Volume 19, Issue 3 (July 1974)
Identification of Drugs by Chemical Ionization Mass Spectroscopy—Part II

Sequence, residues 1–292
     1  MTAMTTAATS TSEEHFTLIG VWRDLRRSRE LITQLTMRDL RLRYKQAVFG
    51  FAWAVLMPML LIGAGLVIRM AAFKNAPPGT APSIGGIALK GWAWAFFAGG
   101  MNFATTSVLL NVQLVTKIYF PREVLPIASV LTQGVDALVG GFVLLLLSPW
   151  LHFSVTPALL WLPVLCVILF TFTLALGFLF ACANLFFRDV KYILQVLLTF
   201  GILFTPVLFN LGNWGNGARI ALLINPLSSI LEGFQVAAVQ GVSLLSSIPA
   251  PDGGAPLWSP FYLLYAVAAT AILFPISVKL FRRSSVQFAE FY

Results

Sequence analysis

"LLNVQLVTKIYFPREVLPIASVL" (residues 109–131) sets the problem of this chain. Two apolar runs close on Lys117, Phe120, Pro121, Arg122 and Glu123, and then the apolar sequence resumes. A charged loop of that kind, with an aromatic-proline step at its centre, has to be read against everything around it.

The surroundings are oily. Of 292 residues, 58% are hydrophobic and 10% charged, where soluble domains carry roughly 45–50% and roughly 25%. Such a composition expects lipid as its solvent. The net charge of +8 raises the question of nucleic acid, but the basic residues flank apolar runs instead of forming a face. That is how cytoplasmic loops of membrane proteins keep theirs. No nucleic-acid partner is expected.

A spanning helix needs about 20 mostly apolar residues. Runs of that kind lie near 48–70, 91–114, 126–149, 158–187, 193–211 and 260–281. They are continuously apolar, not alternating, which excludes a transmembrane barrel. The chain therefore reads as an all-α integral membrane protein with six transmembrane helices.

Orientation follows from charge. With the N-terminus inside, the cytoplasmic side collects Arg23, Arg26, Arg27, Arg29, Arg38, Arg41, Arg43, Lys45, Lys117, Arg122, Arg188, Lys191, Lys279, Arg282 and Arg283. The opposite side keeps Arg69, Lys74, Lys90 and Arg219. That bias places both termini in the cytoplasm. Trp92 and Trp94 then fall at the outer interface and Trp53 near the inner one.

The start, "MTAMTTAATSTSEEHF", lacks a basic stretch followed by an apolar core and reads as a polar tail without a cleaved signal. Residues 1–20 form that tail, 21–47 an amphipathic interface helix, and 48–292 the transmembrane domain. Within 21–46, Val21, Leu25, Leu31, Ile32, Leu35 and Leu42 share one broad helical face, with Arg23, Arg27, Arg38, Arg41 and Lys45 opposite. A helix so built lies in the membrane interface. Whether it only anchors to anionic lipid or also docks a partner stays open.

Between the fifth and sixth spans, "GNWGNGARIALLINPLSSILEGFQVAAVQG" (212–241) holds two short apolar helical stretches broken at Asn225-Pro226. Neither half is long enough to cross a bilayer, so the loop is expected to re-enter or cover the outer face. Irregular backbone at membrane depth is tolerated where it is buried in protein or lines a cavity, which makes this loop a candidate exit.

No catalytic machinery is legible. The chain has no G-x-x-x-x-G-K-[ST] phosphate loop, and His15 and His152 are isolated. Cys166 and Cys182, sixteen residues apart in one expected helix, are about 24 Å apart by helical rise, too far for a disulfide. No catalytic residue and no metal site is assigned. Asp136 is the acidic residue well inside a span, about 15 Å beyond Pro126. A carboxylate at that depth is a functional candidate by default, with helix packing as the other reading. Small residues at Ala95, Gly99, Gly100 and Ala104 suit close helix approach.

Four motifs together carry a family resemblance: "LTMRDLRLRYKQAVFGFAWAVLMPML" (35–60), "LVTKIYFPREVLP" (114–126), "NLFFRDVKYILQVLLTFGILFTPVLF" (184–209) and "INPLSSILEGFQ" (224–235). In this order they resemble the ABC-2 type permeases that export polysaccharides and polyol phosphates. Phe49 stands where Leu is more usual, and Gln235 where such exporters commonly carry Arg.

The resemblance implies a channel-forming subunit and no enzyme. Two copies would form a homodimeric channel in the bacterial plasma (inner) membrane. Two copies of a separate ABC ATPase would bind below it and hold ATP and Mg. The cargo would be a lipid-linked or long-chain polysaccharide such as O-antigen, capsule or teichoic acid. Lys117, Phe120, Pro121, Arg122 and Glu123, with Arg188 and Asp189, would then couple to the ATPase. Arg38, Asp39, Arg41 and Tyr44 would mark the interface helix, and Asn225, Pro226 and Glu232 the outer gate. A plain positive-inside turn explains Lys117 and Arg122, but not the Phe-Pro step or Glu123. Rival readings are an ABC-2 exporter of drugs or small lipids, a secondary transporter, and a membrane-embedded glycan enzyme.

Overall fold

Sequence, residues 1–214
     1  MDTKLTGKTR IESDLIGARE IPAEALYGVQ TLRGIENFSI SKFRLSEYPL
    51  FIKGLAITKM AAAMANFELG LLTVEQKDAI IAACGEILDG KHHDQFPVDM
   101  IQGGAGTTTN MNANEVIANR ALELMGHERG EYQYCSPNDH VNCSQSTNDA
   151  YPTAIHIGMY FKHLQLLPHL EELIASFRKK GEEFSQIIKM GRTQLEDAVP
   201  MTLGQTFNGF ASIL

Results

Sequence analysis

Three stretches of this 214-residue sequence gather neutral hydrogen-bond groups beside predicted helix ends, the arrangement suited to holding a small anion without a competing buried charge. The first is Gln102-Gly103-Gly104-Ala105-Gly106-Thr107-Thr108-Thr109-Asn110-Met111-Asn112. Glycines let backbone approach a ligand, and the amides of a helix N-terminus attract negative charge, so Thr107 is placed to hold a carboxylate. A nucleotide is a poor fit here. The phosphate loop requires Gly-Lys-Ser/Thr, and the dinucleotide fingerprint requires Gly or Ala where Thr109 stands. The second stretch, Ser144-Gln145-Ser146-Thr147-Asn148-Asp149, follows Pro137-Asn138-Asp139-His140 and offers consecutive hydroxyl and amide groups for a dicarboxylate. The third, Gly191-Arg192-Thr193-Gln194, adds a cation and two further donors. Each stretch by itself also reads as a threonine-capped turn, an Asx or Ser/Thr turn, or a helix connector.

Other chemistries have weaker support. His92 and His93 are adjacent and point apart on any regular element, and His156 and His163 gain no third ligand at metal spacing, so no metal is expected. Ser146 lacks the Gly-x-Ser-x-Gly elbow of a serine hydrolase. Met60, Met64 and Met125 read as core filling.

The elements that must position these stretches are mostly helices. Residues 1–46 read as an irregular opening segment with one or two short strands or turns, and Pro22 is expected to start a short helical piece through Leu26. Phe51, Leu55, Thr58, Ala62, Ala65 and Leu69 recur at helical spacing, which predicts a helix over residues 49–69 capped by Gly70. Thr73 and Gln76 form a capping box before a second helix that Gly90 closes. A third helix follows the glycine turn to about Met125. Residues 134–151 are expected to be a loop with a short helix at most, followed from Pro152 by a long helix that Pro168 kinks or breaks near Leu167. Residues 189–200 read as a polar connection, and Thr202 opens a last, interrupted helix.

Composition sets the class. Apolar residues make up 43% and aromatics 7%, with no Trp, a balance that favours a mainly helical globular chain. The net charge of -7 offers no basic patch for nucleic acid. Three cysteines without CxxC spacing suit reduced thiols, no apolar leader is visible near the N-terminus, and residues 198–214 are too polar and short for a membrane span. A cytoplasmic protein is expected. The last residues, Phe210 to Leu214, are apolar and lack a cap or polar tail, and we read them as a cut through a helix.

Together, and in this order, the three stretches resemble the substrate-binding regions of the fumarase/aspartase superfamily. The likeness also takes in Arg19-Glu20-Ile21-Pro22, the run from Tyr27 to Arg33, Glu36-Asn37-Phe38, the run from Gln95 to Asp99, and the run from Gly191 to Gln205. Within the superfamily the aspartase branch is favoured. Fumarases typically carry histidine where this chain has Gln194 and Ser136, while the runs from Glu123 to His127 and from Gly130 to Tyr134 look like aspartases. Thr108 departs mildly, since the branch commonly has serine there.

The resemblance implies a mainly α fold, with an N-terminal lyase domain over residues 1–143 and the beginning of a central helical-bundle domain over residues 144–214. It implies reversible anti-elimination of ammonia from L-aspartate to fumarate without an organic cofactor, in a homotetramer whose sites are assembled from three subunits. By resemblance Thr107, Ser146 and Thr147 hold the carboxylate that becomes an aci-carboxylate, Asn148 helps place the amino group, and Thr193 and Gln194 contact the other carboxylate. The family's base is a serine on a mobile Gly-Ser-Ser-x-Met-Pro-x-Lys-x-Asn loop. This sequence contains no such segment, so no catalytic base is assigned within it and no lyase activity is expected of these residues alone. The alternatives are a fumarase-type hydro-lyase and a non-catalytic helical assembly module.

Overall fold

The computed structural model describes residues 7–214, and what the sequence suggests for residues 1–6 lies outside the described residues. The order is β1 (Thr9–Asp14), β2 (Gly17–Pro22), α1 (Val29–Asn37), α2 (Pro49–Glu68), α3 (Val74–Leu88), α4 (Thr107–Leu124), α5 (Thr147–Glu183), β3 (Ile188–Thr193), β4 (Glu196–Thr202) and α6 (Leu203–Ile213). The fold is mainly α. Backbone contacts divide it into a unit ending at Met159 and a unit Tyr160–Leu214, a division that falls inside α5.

Forensic scientists are currently actively evaluating new instrumental techniques to determine their potential application for solving some of the problems that are unique to their field. Liquid chromatography, flameless atomic absorption, electron scanning microscopy, and thermal analysis offer fertile areas for research and development. Mass spectroscopy is by no means a new instrumental technique; its application to analytical organic chemistry has been well documented since the early 1960's [1–4]. Unfortunately, its utilization in the forensic sciences has been minimal up to the present. A major limitation has been the cost and complexity of the instrument. However, with increased fundings becoming available to many laboratories and with the improved engineering and reliability of the latest generation of mass spectrometers, this technique is becoming feasible for many forensic laboratories. Its application to forensic drug identification has been demonstrated in previous publications [5–8].